Using the GreenSeeker™ Handheld Sensor and Sensor-Based Nitrogen Rate Calculator
The Sensor-based Nitrogen Rate Calculator (SBNRC) is a free on-line sensor-based nitrogen (N) recommendation calculator. This web-based application was developed at Oklahoma State University and has been documented to increase profit of winter wheat production through either the reduction of N fertilizer inputs without loss of yield or an increase in yields with increased N fertilizer. The technique utilizes the GreenSeeker™ sensor, which records NDVI (normalized difference vegetative index), to measure a high N strip (N-Rich Strip) placed in the field, pre-plant and an adjacent area representing the farmer practice. These values are then put in an algorithm that provides an estimate of potential yield, as well as estimated response to applied N to recommend a field-specific N rate.
I. GreenSeeker™ Handheld Sensor
The GreenSeeker™ handheld sensor is an easy-to-use optical sensor that instantly measures plant health and vigor in terms of NDVI readings. The sensor emits brief bursts of red and infrared light, then measures the amount of each type of light reflected back from the plant. NDVI is related to vegetation because healthy green plants absorb most of the red light and reflect the infrared light. The strength of the detected light is a direct indicator of the health of the crop.
How to use the GreenSeeker™ handheld sensor. Point the sensor towards the ground then press and hold the trigger button located near the handle of the sensor (Figure 1). The sensor continues to sample the scanned area as long as the trigger remains engaged. When the trigger is released, the sensor displays the measured value in terms of an NDVI reading (ranging from 0.00 to 0.99) on its LCD display screen for 10 seconds. Make sure to have a pen and a paper to record the data, since information cannot be stored in the sensor.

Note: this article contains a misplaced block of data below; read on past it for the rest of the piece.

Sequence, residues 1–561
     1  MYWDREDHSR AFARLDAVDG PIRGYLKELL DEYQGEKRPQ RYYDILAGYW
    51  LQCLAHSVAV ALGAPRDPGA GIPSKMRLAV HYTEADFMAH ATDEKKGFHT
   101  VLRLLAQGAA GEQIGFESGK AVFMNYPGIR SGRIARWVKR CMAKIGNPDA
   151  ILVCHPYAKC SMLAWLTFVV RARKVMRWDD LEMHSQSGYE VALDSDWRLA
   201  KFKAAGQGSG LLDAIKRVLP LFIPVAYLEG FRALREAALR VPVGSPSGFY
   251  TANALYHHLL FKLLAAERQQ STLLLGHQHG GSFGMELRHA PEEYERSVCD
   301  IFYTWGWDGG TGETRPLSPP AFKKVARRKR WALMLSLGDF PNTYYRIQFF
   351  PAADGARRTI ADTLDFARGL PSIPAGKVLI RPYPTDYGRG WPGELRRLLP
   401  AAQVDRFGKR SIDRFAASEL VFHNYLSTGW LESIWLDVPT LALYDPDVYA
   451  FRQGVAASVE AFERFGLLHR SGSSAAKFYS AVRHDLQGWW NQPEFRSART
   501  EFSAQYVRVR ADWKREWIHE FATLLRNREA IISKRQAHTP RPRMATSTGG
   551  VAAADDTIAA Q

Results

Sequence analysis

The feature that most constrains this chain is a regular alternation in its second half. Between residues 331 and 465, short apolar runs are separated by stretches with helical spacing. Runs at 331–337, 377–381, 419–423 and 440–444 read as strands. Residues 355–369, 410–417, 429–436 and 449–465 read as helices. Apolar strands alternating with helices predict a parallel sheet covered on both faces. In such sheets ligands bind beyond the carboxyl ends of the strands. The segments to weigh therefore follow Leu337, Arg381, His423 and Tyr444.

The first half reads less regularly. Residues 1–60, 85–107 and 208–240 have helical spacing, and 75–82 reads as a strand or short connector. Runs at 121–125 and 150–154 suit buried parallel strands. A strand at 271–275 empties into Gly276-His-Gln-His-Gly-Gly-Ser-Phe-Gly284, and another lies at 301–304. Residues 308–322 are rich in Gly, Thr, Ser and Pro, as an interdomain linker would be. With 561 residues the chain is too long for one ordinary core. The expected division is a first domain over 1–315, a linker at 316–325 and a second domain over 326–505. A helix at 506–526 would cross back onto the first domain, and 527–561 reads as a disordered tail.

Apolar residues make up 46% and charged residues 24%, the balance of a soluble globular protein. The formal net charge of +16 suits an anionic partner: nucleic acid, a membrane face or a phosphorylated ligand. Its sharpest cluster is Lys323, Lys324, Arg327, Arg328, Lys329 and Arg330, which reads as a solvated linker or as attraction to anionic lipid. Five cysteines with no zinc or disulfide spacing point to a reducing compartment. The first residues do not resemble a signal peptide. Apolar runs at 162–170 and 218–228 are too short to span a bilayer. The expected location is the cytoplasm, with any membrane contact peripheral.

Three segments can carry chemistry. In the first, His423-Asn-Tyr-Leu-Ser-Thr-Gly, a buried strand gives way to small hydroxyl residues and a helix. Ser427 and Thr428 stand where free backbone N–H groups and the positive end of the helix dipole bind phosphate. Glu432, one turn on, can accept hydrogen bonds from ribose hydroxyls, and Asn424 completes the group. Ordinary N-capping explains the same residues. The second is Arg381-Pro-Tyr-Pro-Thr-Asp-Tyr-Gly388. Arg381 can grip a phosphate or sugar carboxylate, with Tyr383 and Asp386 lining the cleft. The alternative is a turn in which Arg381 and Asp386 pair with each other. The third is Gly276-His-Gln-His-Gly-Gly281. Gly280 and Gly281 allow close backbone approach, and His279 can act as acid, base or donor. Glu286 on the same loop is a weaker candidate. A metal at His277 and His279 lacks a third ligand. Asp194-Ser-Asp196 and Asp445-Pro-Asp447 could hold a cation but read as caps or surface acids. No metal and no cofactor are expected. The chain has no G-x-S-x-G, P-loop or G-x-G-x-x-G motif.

Figure 1. The GreenSeekerTM handheld sensor.
How to collect NDVI readings? Prior to applying fertilizer, collect NDVI readings from both N-rich strip and farmer practice plots at least 10 feet to 20 feet apart. Walk approximately 100 paces at the center of each plot. To ensure accuracy of the readings, hold the sensor 24 inches to 48 inches (60 cm to120 cm) above the crop canopy while the trigger is pulled. Avoid sampling in areas that are unrepresentative of the remaining acres, including areas of poor crop stand.
II. Sensor-Based Nitrogen Rate Calculator
What information do I need?
- NVDV readings from the N-Rich Strip and Farmer’s Practice field
- Planting date
Where do I start?
Step 1. Go to the Sensor-based nitrogen rate calculator webpage.
Either google “NUE” or go to the website: nue.okstate.edu. Once at the website, go to the NUE tools and click on the “Sensor Based Nitrogen Rate Calculator” button (Figure 2a). This will bring a drop-down menu of options (Figure 2b. As of 2015, it has 32 options). Choose the crop of interest. For example, “Winter Wheat (US Grain Belt).” This will bring up the online calculator. Once on the online calculator webpage, there will be an input and output section. Scroll down to the bottom of the page, if located in the state of Oklahoma, click “Within Oklahoma” button. This will allow access to the Mesonet site, which gives the readings of temperature and growing degree days (GDD). This information is very important in the calculation of the N rate. That is also where the planting date becomes important.